by Tara Thorne
Announcements are starting to come down from the Atlantic Film Festival, beginning with this year's crop of Inspired Script participants. The program has gone through a change from previous years: It "goes forward by moving back—to the feature film outline," says AFF programming manager Andrew Murphy. "Six talented Atlantic Canadian writers have been chosen to take their inspiring stories from an outline to the treatment stage and then pitch them to industry professionals for the chance at receiving further financial and professional development from our sponsors."
This year's line-up of scribes is an experienced roster of local filmmakers. Drea Hagen and Chris Cuthbertson are the team behind last year's AFF-screened feature A Bug and a Bag of Weed, Warren Jefferies directed the Halifax hip-hop doc The 902, Iain MacLeod was a staff writer on Trailer Park Boys while his co-writer Deanne Foley wrote and directed short fave Trombone Trouble, Meredith Ralson has produced documentaries in association with the National Film Board and coming in from New Brunswick is Saint John's Brent Shepard, who's got some irons in the TV fire.
The participants will work with Canadian industry legend Al Magee to get their outlines into a pitchable treatment shape. The winner, to be chosen during this year's AFF (September 13-22), will get development money from Telefilm and have their script read at a live reading during the 2008 of the festival.
In other AFF news they've announced that Peter Greenaway will be the special guest at this year's Academy Luncheon, on September 16. Tickets will be available through atlanticfilm.com.
Although the strong dollar and the winter's ACTRA strike built a speed bump for local film and television production in 2007 (but Tom Selleck is back in town for the latest Stone Cold and that Lifetime MOW, which didn't have a star last time we heard, is gearing up as well) the Nova Scotia Film Development Corporation is reporting that 2006 was great, with revenues up 12 percent to $136 million.
You can thank 14 series, 15 specials and terrible TV movies Wedding Wars (Stamos! McSteamy!), Candles on Bay Street (oh, Alicia) and the post-Buffy Charisma Carpenter-starrer Relative Chaos for the boost. Also don't forget about this fall's space Viking odyssey Outlander, produced by a Weinstein and starring Jesus (Jim Caviezel).
But seriously—we're going to be positive here, for reals—much credit must go to Poor Boy's Game, the Clement Virgo-directed feature co-written by local Chaz Thorne (no relation). Starring Danny Glover, Tonya Lee Williams and Wes "Maestro" Williams, the Nova Scotia-shot and <0x2013>set film premiered to acclaim at Berlinale earlier this year, and we wouldn't be surprised to see it in the list of Canadian features that will be announced by the Toronto International Film Festival on July 17.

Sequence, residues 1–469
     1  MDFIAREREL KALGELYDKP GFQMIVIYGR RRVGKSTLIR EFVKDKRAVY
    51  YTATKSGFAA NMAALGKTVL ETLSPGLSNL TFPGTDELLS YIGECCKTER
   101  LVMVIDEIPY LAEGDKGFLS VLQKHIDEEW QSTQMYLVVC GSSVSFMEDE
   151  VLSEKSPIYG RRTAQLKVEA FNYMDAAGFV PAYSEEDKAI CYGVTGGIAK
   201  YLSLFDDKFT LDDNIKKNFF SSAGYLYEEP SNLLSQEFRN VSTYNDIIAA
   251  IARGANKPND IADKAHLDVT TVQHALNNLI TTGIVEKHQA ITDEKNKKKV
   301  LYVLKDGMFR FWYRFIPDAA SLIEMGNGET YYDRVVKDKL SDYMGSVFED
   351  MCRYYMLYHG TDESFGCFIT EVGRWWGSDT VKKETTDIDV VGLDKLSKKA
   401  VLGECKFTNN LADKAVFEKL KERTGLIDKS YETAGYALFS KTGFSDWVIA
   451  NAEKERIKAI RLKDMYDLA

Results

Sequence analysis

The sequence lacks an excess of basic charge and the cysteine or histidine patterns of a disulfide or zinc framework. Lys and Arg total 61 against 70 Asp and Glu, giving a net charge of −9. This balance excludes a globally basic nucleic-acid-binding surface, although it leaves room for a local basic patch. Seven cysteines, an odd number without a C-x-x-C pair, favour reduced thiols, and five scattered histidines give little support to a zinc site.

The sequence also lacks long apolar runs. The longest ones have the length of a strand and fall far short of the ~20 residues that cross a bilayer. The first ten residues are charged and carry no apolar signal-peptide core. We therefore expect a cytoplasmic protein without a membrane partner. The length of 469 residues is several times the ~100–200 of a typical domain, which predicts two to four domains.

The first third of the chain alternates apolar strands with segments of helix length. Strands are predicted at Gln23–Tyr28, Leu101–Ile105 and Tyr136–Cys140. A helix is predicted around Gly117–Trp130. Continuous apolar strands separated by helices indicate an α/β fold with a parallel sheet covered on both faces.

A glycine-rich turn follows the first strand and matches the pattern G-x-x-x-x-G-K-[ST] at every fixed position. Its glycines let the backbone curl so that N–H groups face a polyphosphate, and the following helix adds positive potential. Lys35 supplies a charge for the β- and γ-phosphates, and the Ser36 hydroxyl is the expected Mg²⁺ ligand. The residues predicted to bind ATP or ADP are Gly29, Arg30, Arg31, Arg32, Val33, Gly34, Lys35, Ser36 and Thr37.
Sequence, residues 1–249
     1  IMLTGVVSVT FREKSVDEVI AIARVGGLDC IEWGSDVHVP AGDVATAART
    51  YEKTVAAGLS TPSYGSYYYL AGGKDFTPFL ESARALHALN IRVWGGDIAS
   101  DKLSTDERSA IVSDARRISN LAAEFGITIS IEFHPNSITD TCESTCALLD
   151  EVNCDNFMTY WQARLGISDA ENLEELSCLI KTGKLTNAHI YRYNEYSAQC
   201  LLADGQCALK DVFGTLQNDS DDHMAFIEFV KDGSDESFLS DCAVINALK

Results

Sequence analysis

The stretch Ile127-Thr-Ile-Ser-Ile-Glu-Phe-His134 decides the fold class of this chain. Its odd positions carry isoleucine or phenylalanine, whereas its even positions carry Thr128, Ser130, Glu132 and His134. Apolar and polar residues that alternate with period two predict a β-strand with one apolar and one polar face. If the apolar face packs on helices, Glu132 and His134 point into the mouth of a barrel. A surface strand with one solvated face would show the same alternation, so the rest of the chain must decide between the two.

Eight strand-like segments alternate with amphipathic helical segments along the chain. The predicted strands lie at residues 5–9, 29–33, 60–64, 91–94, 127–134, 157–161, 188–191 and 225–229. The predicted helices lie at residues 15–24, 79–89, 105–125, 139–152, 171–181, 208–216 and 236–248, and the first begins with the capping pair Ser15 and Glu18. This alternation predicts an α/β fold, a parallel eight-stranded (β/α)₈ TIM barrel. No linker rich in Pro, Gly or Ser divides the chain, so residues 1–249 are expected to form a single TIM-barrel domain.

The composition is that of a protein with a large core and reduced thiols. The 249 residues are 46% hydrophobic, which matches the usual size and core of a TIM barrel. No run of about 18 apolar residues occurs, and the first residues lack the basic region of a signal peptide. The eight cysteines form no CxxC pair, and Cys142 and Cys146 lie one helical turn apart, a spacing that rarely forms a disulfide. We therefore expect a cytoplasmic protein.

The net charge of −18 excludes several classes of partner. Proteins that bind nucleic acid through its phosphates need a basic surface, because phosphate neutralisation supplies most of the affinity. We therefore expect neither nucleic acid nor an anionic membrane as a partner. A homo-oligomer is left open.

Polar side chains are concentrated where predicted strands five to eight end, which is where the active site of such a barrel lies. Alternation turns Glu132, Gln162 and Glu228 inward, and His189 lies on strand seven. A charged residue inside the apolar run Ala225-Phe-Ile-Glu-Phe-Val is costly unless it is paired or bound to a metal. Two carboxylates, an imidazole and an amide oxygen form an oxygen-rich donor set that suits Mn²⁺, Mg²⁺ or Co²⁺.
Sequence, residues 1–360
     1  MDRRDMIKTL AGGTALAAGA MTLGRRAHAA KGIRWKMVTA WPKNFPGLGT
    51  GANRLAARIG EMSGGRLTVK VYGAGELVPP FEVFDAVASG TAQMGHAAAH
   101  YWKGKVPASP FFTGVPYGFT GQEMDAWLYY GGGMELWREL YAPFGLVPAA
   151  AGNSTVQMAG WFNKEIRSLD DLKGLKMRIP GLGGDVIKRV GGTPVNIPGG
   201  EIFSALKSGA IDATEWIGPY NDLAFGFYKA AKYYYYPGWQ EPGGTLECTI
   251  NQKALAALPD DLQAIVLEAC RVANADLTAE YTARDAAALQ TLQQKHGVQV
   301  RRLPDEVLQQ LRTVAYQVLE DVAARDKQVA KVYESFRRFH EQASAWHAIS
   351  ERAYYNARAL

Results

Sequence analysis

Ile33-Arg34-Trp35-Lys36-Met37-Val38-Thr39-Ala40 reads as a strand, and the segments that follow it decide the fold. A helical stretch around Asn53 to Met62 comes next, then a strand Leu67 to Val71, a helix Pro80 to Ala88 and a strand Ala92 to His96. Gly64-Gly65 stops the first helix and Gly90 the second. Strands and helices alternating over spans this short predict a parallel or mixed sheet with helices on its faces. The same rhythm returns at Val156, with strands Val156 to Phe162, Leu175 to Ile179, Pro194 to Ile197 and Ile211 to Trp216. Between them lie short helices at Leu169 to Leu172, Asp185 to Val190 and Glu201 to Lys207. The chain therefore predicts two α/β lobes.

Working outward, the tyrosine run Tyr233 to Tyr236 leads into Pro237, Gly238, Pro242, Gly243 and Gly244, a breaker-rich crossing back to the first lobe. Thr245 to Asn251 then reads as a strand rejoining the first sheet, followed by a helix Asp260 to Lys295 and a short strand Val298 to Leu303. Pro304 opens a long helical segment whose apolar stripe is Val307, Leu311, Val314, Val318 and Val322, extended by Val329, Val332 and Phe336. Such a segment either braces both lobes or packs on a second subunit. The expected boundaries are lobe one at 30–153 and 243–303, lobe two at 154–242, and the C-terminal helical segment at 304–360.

"Nova Scotia's production community is an impressive mix of creativity, talent, experience and business skills," says the NSFDC's CEO Ann MacKenzie. "Aside from the superior film, television and new-media projects being produced locally, the province's depth of actors, crew and stunning locations have created an environment where guest productions want to film."
Out and about, onscreen
Thom Fitzgerald's Reel Out Film Festival returns to the Pride festivities after a successful first year in 2006 with Queens!, a Spanish film featuring five mothers dealing with their sons in the days leading up to the country's first gay wedding. The film screens July 14 at Park Lane at 7pm. The $15 ticket (available at ticketpro.ca) gets you into the post-movie art reception at Fitzgerald's gallery eMotion, where he'll launch Art: The Disposable Show featuring photographs taken with disposable cameras by the likes of Gus Van Sant, Harvey Fierstein and Alan Cumming. Reel Out runs through July 19.
We encourage north-end dwellers and visitors to take a stroll by the Halifax North Memorial Library, at 2285 Gottingen, to check out the truly fab new sculpture that was erected out front at the end of June. Designed by NSCAD's Doug Bamford and Stephen Brathwaite and featuring George Elliot Clarke's poem "North is Freedom," it's a vibrant addition to the neighbourhood. We like!
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